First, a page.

As you might have guessed, I’m trying to avoid the subject of primaries.
We went to Vegas in early January. We’ve been going every year for DH’s Birthday, and each year Sin City seems increasingly more depressing. On my first trip I was dazzled by lights and sounds, and all the splendid cheesiness. Now I only notice stains on the carpet, and the typical twenty-year-old casino has plenty of those.
I don’t think Vegas unions are doing any favors to the cocktail waitresses many of whom look shabbier than the carpets they walk. Vegas is teeming with waitresses verging on retirement age, and the hot arid climate and frequent night shifts obviously didn’t do them any favors. Yet casinos that can’t fire a woman because she’s too old have them squeezing their butts into uniforms that are one step from a burlesque show.
One would think nobody wants to look at them, but evidently some visitors find the aging wait-stuff inspirational. I spotted a septuagenarian clad in a sequin micromini dragging her stiletto mules over the Strip’s cobblestones. That lady might’ve not aged badly, but the get up obviously intended for somebody who still gets carded, drew attention to every wrinkle.
I’m glad soon-to-be-twice-divorced Heidi Klum is not hosting Project Runway All Stars. To be sure, she is a better host than that other model, given how Ms. Klum is an authentic airhead. Yet she makes horrible as a judge because the word got out that she likes to show her legs, and the competing designers construct their clothes to placate her. Anywho, it’s my conspiracy theory. She does have a nice figure, but perhaps a forty-year-old mother of four can try a different aesthetic.
Two weeks ago the episode’s theme was a night at the opera, and the winner Austin Scarlett described his gown as modest. The judge Isaac Mizrahi (a far better designer than the regular Michael Kors) agreed with the description. In absolute terms there is nothing modest about a bare-back gold dress, but perhaps what Scarlett and Mizrahi meant to say is that the design is seductive rather than slutty. A very good development, I think.
I liked the runner up Michael Costello who, I thought, was on the trend and elegant. Like everything high fashion both designs lack practicality. If I’m going to the opera, I’m assuming the hall will be cold, so I’ll need a coat.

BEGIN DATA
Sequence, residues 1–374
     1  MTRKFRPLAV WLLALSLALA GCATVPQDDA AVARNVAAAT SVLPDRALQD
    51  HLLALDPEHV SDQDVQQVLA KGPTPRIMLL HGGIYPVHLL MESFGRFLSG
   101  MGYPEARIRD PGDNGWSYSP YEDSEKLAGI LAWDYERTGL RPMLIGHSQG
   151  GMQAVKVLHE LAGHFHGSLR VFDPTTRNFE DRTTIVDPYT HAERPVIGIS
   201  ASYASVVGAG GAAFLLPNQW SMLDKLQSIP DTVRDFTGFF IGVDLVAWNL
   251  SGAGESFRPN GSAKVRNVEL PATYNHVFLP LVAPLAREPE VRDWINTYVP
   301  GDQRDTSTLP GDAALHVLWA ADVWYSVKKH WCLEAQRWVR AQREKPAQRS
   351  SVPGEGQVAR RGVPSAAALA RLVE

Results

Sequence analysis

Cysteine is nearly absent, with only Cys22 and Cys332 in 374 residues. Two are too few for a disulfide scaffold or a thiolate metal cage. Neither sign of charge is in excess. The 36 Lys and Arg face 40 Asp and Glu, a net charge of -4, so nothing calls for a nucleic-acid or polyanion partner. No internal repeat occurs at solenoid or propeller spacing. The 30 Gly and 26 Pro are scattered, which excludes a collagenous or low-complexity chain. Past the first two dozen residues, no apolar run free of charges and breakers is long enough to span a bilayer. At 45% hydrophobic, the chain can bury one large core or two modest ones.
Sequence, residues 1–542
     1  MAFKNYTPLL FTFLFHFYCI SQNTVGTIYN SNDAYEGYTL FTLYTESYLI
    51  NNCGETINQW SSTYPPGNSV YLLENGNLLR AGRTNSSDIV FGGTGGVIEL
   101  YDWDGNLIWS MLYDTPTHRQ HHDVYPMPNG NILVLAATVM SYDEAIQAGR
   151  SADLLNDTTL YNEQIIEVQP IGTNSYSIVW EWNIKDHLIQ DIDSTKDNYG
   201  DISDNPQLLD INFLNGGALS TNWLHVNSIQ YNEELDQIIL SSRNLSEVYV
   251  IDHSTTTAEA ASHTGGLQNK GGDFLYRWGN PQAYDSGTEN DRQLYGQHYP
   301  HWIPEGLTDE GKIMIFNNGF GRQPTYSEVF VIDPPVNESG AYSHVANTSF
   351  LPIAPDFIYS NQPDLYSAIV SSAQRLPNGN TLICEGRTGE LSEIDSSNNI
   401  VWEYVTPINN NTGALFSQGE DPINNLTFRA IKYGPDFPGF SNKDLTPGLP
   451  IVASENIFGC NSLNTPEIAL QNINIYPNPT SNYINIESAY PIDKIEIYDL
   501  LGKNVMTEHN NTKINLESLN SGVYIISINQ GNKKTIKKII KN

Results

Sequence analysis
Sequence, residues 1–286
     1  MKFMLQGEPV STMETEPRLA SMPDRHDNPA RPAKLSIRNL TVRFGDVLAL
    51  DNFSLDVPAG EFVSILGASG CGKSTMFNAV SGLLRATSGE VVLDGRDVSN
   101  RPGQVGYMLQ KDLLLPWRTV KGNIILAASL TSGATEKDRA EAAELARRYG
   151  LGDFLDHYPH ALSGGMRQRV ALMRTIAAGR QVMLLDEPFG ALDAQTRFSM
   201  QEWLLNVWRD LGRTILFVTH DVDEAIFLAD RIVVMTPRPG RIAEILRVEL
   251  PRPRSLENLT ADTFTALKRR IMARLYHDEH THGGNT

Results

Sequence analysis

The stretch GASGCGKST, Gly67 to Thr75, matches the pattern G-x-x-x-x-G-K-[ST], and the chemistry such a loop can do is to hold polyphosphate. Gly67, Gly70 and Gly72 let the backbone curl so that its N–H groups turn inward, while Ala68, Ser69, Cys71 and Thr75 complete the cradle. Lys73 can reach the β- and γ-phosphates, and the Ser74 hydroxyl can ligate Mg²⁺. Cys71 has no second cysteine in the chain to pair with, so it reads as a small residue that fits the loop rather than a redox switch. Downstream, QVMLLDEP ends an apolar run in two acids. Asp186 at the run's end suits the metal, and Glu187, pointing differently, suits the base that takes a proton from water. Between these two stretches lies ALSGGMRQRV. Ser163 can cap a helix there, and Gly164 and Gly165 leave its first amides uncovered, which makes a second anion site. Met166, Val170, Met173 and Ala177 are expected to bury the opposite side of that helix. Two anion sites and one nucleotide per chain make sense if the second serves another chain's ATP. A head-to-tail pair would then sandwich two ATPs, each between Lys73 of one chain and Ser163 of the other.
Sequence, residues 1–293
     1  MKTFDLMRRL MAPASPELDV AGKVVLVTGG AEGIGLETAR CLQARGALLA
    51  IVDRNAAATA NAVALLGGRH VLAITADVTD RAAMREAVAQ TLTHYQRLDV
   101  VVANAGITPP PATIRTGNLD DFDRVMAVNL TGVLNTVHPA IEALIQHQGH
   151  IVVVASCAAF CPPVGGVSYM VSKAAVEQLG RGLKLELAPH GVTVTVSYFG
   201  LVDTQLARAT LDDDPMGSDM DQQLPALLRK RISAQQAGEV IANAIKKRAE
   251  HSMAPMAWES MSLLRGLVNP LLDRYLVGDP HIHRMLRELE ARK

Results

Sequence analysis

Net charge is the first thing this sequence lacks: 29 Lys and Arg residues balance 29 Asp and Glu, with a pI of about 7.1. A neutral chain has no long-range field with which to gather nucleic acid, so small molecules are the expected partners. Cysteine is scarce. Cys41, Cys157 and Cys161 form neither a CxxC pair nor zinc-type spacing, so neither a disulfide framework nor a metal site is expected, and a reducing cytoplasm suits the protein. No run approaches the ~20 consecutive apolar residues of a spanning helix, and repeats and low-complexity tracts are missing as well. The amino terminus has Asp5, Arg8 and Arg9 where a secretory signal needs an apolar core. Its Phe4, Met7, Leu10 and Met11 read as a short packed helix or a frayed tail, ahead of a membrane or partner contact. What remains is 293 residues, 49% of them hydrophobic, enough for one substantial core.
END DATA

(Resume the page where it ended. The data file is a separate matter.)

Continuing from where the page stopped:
Aside from the full length opera gowns, Project Runway is still turning out skirts so short, we’d have to wear pants underneath. The entire garment industry seems to be stuck on pants and impossibly short skirts. A year or so ago we were promised falling hemlines which were supposed to signal another year of recession because allegedly there is some sort of a relationship between the state of the economy and the length of skirts.
I lived through the 90s economic boom in the Bay Area. I thought the variety of styles was opulent. Virtually every collection featured a mini, a long skirt, a knee length skirt or — if none of that worked — a pant. And, mind you, an average mini hanging in the stores in the “irrational exuberant” 90s offered more coverage than today’s Heidi.
Although I always gravitated to more feminine styles, I started to wear pants when I had to take babies to the park. For a few years I held on to my maternity skirts. Last year I finally decided to ditch my postpartum gear and buy a nice practical skirt. Easier said than done. The skirts were either so long that I’d have to hold them up with both my hands or, in most cases, so short there was no way I could bend over. The Great Hemline Recession look.
In the last quarter the economy might have picked up a little, but the hemlines fell — at least on some catwalks. I can now buy a pencil skirt, for which I credit Duchess Catherine who made a statement of elegant mid-length dresses, and not Barack Obama or the invisible hand. Hopefully the trend sticks.
The classic cinema looks has been spotted on runways.
Similarly, a structured mid-length pencil skirt was featured in Vogue’s most wanted:
While young people have more disposable income, I’m surprised that there isn’t a bigger clothing market for middle-age women. One would think that the success of the fabulously overpriced Anthropologie where, at least according to their product reviews, women of all ages like to shop, shows that quite a few of us in the 30+ demographic like something chic and feminine. An American Housewife Formerly in London had similar thoughts on interior design.
When I was growing up we all had young beautiful mothers, and we were very proud of them. While I obviously can’t turn back the clock, I would like to show my kids that a middle age woman can take care of her appearance. What I don’t want to do is to wear skirts so short, I’d pass them when I was in my 20s.